Charvel doesn’t do futuristic or faux-’50s, but if you’re looking to shred with the crowd at a hip club down on Sunset then they have the tool for the job. Review by Richard Purvis.
Something big happened to rock in the early 1990s. Out went spandex, hairspray and garish album covers; in came tattoos, pierced nostrils and deathly rage. It was a revolution, but nobody told Charvel, who had been on top of the metal world when Eddie Van Halen and Richie Sambora were flashing their superstrats all over MTV. In the aftermath of grunge the guitars’ aesthetics stayed pretty much the same, but their reputation for quality did not – a recipe for going out of fashion and staying there.
Maybe now we’re far enough away from the 1980s to look at this sort of bold, highcontrast styling as an acceptable kind of retro. Things have been looking up since Charvel was bought by Fender in 2002, and rumour has it the quality of their current offerings is right up there with the good old days. These two models are from the Japanese-built Pro-Mod series, and they look like serious bits of gear.
SO-CAL STYLE 1 HH
This whiter-than-white Strat-type with maple fretboard, black scratchplate and all-black hardware has a non-pointy headstock, which is a welcome update. The alder body is generously chamfered to accommodate the ageing rocker’s beer gut and screwed to a one-piece neck of quartersawn maple – thus extra-strong and stable. The C-shaped neck is not too skinny but it’s carved to a compound fretboard radius, moving from 12″ to 16″ for choke-free bends. The frets are chunky blighters, immaculately dressed. The rolled fretboard edges are supposed to help your fingers glide effortlessly up and down the neck, but as the actual fret ends clearly can’t be scalloped they just stick out more between the dips.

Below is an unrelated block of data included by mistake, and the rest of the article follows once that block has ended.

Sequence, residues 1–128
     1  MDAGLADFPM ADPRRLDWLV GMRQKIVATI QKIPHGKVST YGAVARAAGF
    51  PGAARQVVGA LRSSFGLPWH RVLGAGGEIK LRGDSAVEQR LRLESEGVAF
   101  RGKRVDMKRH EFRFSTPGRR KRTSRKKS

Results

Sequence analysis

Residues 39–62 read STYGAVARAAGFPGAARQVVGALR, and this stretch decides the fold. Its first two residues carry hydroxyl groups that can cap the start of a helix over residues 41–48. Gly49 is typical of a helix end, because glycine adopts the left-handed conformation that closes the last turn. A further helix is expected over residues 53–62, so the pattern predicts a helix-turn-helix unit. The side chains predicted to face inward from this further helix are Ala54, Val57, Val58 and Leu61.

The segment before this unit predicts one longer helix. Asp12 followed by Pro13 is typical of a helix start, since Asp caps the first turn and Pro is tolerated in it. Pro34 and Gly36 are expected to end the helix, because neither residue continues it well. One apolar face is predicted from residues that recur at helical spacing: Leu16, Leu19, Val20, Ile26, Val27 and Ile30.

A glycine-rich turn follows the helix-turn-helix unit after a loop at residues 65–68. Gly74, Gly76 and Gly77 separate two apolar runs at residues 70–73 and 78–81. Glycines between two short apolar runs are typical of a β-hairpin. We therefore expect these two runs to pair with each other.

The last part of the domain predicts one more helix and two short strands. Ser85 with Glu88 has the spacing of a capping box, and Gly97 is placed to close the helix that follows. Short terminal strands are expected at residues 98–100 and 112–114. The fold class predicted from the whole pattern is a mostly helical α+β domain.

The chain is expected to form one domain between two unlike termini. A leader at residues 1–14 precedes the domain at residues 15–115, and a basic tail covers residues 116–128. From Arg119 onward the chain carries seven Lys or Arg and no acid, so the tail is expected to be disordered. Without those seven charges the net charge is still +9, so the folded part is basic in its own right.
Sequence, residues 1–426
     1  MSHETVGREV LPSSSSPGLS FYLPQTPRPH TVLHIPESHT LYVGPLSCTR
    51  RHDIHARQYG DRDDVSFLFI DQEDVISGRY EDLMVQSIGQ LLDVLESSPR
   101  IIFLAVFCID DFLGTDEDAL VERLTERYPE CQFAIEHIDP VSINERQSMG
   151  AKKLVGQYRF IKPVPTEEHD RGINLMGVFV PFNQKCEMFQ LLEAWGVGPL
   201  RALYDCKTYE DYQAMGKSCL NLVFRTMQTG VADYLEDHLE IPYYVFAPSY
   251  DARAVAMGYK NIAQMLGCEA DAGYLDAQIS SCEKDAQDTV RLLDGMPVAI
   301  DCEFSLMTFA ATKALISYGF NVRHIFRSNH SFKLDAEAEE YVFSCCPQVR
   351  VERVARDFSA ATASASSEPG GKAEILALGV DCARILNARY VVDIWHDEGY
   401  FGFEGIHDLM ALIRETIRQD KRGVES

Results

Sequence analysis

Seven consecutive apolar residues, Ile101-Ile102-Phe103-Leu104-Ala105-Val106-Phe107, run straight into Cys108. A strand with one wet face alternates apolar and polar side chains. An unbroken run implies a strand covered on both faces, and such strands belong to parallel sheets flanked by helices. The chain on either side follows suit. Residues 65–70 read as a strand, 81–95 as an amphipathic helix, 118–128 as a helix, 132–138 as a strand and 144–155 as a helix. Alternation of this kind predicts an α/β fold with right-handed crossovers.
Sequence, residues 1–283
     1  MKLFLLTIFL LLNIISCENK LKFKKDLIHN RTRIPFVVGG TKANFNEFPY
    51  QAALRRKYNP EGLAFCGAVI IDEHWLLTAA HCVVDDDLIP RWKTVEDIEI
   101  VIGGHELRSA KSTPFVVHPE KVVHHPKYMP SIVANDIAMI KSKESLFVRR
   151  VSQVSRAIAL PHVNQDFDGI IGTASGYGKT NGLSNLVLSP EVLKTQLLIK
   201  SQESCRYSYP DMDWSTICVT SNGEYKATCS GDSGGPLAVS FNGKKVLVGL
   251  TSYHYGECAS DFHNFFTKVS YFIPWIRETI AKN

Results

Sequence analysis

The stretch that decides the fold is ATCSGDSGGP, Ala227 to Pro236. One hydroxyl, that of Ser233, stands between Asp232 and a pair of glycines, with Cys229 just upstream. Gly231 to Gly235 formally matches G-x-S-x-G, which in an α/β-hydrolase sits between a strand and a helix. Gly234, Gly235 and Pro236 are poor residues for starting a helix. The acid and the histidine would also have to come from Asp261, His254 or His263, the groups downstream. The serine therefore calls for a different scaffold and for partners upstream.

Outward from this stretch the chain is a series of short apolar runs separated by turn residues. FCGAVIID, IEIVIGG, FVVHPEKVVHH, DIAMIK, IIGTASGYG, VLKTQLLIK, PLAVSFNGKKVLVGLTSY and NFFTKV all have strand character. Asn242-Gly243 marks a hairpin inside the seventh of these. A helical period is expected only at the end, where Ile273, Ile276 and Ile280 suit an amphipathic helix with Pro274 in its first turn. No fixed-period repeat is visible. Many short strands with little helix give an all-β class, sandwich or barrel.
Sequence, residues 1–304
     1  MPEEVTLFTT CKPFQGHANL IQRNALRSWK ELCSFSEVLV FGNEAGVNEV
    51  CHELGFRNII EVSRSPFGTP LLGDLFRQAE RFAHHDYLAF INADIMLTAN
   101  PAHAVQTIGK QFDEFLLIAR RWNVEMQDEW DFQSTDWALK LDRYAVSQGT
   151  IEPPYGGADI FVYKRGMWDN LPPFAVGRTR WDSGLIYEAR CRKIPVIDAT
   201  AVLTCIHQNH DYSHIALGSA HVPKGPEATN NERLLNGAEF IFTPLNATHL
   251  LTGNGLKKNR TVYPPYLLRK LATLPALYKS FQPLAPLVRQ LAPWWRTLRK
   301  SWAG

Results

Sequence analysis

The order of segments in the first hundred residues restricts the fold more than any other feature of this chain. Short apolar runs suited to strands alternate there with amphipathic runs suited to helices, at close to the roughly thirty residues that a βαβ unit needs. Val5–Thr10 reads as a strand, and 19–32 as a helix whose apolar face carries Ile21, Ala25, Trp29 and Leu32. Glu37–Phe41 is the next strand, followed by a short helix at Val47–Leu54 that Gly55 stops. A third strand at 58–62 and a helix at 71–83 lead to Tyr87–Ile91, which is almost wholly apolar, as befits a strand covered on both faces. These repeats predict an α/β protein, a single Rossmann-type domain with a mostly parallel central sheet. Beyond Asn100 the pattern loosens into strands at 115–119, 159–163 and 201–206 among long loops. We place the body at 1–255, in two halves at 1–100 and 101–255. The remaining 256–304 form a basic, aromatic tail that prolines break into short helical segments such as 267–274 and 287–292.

Access to the upper frets is as good as can be expected from a trad Fender-type heel design, though the 4mm-thick neck plate doesn’t help. The hardware is sound – small Grover tuners, a locking nut and a well-installed Floyd Rose – and the passive DiMarzio humbuckers have only a volume pot and a strangely sticky-out three-way switch to get past on their way to the front-recessed jack socket. Tone controls are for wusses, dude.
The So-Cal’s acoustic sound is not exactly zingy but it’s full and well balanced. The DiMarzios are dark but there’s a surprising amount of snappy, thrappy character, especially on the middle setting – it responds eagerly to aggressive picking and, all in all, sounds a bit like a ’72 Thinline Tele. The neck pickup is prone to woolliness on the low E string, but you’ll soon forget that when you crank the gain and summon up those old Bon Jovi licks. Sustain is excellent and the honking midrange is polished up perfectly by a strong, sweet pick attack. It doesn’t sound like a Thinline Tele now.
The Floyd Rose is Korean-made but seems to behave just as well as a ‘real’ one. Push right down until the strings flop like overcooked spaghetti, play a 10-minute glockenspiel solo with your other hand, let go and it springs right back into tune. These units are mighty sensitive, mind – the slightest bit of pressure on the top of the bridge can cause queasy upward wobbles, so take care with that right-hand technique.
There's no denying that those looks, not to mention the Charvel name itself, will be a big turn-o? to anyone who thinks poodle perms look best on poodles, but that's not what the Pro-Mods deserve. They're basically Japanese Strats with high-output humbuckers, and they're pretty good.
Website: Charvel Pro-Mod Series